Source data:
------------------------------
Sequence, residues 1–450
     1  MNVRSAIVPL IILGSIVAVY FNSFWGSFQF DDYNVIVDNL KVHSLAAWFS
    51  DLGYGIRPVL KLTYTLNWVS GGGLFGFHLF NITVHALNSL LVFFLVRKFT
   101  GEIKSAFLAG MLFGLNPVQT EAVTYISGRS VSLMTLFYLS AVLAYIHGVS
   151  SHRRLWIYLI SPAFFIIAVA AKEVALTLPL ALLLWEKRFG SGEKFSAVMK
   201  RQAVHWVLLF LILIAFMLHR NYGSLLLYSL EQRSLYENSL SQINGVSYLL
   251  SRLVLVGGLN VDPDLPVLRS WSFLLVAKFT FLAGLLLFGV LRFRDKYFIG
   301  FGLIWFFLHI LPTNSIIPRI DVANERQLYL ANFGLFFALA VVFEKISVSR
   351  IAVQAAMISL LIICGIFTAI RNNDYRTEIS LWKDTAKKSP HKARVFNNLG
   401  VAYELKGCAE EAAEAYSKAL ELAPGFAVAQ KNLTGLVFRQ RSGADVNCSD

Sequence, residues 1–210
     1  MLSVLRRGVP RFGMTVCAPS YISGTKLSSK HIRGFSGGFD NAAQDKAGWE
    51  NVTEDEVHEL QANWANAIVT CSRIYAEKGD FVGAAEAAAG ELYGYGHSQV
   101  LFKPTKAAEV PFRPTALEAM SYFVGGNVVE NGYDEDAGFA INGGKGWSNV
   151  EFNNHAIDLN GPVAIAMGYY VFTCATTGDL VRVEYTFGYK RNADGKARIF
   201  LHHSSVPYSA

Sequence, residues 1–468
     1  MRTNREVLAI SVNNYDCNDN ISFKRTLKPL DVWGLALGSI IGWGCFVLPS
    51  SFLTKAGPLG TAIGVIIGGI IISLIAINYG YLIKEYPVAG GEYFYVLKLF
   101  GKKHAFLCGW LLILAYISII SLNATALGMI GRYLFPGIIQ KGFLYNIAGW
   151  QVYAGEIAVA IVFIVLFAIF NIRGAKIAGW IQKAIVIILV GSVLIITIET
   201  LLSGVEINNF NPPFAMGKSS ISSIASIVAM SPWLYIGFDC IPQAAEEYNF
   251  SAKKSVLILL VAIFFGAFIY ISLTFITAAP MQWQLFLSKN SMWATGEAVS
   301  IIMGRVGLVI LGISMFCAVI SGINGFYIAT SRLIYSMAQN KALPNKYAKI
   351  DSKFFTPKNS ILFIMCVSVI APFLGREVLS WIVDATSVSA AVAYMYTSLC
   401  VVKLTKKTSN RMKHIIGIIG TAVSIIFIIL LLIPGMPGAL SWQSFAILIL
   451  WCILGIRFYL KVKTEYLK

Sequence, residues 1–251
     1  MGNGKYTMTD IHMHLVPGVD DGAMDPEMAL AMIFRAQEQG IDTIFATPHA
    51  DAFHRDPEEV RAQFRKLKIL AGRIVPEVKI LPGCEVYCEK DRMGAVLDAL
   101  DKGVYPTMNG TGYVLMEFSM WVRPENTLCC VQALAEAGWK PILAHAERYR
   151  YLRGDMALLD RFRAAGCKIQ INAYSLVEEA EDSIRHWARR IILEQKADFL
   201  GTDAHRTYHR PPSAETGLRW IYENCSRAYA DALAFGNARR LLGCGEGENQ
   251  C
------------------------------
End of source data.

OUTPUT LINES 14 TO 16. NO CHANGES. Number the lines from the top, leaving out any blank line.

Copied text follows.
   101  LFKPTKAAEV PFRPTALEAM SYFVGGNVVE NGYDEDAGFA INGGKGWSNV
   151  EFNNHAIDLN GPVAIAMGYY VFTCATTGDL VRVEYTFGYK RNADGKARIF
   201  LHHSSVPYSA